Jazzkaar Festival: International Jazz in Estonia
From the outset, the most arresting - and loudest - element of this performance is Youssef's frankly astonishing voice: the ancient, dusty cry of the muezzin, liberated from the mosque and let loose on the jazz aesthetic, with an intensely powerful energy and reach that renders the microphone obsolete. By contrast, his playing of the oud - a Middle Eastern lute - is low-key and restrained, often supplying little more than the basic materials for a trance-like rhythmic zone, with clicks and slaps to the instrument's body electronically looped and augmented with plucked circular figures.
Paolo Fresu is well-known on the European jazz scene with fairly spotless avant-garde credentials, having played with luminaries such as Kenny Wheeler, Uri Caine and John Zorn. Tonight, he provides heavily processed trumpet and flugelhorn, sometimes sounding like a choir of distant machines, at other times, providing little more than an atmospheric background hum. However smoothly non-committal his approach initially seems, he does however have an interesting take on the old standard, "Nature Boy", that briefly sees his fingers flying on the valves.
Ultimately, though, as the duo guides us through a series of meandering soundscapes, the performance doesn't seem to amount to very much, lacks focus and remains oddly unmoving. What's more, one can't help feeling that the audience got left behind somewhere near the end of the very first number, as is made painfully obvious by a spectacularly misjudged attempt to get the crowd singing, which suffers terribly from comparison to Omar Sosa's heartfelt communion of the night before.
Then it's back to the lecture hall upstairs for a primer in 'free happy jazz' with Erdmann/Sooaar Dessert Time. German, Daniel Erdmann, on tenor sax and Estonian guitarist, Jaak Sooaar, together create a very European sound, expertly navigating a selection of short, precise and intricate pieces, packed with disjointed, almost unmusical figures that are, nevertheless, given substance by dint of being played in perfect unison. It creates a curious aural picture of a clockwork child locked in a xylophone factory at night, while at other times it sounds like Anthony Braxton jamming with the Magic Band's Zoot Horn Rollo.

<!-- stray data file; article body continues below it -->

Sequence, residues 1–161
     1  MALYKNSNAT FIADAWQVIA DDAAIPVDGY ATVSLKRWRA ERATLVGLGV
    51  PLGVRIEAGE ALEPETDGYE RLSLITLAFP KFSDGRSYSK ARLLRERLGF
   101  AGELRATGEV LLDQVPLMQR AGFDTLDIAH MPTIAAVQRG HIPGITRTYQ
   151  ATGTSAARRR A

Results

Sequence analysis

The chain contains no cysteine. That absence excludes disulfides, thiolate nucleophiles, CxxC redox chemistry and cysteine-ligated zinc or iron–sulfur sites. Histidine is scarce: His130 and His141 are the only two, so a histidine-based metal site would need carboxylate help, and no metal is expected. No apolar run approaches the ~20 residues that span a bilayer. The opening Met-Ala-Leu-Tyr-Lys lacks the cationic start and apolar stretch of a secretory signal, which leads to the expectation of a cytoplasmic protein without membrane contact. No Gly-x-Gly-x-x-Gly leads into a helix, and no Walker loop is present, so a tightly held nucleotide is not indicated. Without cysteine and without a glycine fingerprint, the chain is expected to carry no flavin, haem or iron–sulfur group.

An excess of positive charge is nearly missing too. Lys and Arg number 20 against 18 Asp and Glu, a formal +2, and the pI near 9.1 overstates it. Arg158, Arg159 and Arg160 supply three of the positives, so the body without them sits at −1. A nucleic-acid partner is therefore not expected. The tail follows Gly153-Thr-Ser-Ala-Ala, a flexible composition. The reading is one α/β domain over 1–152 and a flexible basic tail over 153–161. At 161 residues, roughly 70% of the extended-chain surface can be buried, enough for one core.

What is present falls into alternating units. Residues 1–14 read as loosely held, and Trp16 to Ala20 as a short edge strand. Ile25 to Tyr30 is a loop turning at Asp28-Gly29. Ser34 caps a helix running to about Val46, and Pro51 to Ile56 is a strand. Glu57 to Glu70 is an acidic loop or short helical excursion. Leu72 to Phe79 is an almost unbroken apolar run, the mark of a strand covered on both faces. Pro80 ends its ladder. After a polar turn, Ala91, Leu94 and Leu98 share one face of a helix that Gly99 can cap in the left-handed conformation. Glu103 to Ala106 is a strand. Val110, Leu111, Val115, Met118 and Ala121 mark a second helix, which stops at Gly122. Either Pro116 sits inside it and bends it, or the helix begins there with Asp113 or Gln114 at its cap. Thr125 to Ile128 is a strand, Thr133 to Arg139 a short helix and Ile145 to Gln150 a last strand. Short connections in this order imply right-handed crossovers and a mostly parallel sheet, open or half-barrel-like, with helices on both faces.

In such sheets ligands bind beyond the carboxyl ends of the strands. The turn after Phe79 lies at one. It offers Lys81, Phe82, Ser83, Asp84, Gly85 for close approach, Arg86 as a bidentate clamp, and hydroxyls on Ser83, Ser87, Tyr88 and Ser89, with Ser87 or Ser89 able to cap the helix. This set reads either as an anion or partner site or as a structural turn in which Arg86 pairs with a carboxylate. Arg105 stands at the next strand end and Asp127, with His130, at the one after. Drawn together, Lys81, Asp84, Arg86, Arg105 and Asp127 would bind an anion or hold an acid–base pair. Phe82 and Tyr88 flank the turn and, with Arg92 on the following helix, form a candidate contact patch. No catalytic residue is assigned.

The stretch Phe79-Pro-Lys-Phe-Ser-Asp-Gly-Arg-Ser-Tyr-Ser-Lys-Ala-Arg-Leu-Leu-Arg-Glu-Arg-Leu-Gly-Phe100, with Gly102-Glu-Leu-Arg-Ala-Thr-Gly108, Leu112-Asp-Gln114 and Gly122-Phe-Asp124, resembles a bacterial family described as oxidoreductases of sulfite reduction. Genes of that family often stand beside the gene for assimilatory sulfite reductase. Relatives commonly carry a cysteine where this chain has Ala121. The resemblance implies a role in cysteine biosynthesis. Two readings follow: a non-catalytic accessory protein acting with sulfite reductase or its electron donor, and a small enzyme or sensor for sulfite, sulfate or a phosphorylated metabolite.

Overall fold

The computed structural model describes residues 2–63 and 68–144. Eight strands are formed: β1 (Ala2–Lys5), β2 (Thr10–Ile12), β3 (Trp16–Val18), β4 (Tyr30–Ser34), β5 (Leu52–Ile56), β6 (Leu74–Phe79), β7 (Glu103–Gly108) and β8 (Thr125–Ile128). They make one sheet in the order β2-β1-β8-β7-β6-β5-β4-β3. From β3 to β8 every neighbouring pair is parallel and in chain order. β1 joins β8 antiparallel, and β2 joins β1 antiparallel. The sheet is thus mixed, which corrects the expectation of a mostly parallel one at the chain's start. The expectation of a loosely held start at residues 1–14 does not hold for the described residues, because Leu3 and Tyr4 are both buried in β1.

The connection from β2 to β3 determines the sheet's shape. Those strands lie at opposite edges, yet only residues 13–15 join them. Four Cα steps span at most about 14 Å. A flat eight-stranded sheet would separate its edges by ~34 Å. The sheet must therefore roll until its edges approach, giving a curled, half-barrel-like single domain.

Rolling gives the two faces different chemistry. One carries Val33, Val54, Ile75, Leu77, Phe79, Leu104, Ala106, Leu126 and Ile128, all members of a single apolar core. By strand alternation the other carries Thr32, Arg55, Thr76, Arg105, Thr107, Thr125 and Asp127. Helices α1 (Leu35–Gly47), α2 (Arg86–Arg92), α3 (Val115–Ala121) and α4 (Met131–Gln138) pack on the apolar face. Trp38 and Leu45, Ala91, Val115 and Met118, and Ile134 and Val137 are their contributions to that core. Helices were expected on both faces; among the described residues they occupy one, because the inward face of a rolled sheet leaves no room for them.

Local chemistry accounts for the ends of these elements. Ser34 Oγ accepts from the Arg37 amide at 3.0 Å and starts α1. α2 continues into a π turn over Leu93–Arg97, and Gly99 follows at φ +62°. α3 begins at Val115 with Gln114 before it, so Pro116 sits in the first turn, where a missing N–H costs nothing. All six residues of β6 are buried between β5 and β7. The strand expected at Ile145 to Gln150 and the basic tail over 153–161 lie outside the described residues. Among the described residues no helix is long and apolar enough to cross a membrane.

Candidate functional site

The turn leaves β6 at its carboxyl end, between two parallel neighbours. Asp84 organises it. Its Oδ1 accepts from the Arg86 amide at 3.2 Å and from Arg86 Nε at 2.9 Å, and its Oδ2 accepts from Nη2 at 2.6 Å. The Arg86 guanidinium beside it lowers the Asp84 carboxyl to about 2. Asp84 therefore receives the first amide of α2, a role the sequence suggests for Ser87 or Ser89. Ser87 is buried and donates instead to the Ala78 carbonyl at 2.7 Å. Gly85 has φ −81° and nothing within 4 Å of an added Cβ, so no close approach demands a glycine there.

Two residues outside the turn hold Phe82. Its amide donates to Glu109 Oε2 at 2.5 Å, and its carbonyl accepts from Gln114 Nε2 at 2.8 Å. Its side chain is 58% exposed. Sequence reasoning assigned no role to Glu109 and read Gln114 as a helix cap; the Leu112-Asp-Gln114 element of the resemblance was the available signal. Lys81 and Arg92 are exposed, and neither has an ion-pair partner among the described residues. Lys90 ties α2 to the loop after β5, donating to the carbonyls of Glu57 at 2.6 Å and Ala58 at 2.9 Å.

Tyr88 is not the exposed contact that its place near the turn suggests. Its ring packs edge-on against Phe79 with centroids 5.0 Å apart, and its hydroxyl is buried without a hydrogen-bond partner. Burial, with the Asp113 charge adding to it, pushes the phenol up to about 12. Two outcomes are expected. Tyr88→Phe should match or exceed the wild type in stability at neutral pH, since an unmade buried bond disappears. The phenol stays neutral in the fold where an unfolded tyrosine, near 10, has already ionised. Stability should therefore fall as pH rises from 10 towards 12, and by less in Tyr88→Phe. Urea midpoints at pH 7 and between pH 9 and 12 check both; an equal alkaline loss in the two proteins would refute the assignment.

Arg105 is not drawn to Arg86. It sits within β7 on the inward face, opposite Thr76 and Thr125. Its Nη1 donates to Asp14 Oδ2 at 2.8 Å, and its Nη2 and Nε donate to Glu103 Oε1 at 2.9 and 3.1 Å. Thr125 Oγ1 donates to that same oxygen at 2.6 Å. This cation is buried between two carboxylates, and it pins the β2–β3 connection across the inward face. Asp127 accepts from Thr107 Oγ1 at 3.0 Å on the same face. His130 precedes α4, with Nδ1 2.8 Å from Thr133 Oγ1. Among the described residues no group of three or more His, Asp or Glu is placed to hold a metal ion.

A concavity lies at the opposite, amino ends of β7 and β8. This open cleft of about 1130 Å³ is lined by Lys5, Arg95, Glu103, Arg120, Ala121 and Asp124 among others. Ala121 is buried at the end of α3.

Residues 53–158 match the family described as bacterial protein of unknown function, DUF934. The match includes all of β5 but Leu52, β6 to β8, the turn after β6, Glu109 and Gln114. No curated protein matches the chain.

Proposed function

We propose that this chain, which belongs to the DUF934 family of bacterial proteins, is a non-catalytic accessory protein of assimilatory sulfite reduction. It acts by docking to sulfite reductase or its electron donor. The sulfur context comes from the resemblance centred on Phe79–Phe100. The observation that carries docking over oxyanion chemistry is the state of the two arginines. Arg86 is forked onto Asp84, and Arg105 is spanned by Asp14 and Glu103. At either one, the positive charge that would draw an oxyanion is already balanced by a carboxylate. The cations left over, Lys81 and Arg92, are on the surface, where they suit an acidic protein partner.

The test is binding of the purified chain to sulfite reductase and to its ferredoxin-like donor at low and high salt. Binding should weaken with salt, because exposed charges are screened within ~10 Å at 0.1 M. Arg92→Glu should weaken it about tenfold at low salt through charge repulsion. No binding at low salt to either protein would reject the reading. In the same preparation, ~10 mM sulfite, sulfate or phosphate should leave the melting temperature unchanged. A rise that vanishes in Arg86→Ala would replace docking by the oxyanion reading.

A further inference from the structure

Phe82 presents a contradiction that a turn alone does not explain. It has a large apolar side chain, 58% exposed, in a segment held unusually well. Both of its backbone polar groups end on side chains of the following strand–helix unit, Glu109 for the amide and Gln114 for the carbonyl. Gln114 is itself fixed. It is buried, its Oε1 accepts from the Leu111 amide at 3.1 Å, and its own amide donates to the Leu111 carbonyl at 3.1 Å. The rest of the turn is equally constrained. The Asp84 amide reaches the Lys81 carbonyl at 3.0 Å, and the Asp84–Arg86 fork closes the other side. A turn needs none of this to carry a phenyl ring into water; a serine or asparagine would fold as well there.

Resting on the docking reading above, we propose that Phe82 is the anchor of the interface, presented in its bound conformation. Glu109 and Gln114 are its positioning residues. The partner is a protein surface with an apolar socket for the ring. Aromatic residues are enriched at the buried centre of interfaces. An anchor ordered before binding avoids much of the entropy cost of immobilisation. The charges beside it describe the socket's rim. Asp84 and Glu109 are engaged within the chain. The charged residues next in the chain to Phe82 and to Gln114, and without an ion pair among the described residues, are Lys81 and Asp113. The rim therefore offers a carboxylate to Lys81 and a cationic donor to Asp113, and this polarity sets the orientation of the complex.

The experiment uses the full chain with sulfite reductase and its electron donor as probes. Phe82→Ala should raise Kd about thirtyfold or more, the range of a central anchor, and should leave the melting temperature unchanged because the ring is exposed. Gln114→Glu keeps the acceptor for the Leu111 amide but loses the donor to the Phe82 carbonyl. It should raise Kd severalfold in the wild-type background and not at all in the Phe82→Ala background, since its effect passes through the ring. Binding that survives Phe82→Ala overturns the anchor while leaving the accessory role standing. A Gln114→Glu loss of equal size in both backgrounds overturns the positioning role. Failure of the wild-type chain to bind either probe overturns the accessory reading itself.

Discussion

Above all, it's a good-natured, humorous recitation, enhanced by some first-class playing: Sooaar's electric guitar is uncluttered, clean and precise, while Erdmann makes his horn work hard, often taking advantage of the space within the compositions to ascend to a kind of fluttering, toneless, windy sound, like a metal bird flapping its wings.
The duo is joined on stage for an improvised section by Estonian vocalist Anne-Liis Poll, who astonishes with an otherworldly vocalese: a gripping, forgotten language of shrieks, trills, grunts, coughs and epiglottal murmurings. It's enormous fun that only partially loses its way when Sooaar takes a bow to his guitar strings for a superfluous interlude of sawing.
Experimentation very satisfactorily dealt with, the show ends with a hilariously deadpan, restrained bossa nova encore that raises titters from all corners. It's as if Dessert Time have provided a comprehensive answer to Frank Zappa's old question of whether humour belongs in music. The answer: yes, but only when the music in question is this imaginative, captivating and entertaining.
Later, the action is hotting up in the main hall downstairs, for a late Friday night double-bill. Tallinn's kids are out to have some fun and the chairs and tables have been cleared away for dancing. So, you can understand how the majority of those present are utterly confounded by Estonian outfit Kismabande's sprawling, improvised, sci-fi electronica. Coming across visually like a bunch of web designers checking their emails live on stage, Kismabande lay out an intelligent, introspective, sizzling mix of sounds that for the first half an hour doesn't even include any discernible rhythm. So much for dancing. The mood picks up towards the end of the set with deep, lysergic bass ripples, but the audience can still only sit cross-legged and watch, for the most part bemused · though undeniably entertained.
The moment that Norway's Xploding Plastix come on stage, it seems to be more what the audience had in mind for a Friday night: big, club-friendly, block-rockin' beats with keyboards, samples and a real-time drummer. It's energetic and striving very hard to be epic but, in the final analysis, stacked up against some of the music that has come before, it's actually somewhat empty and tiresome.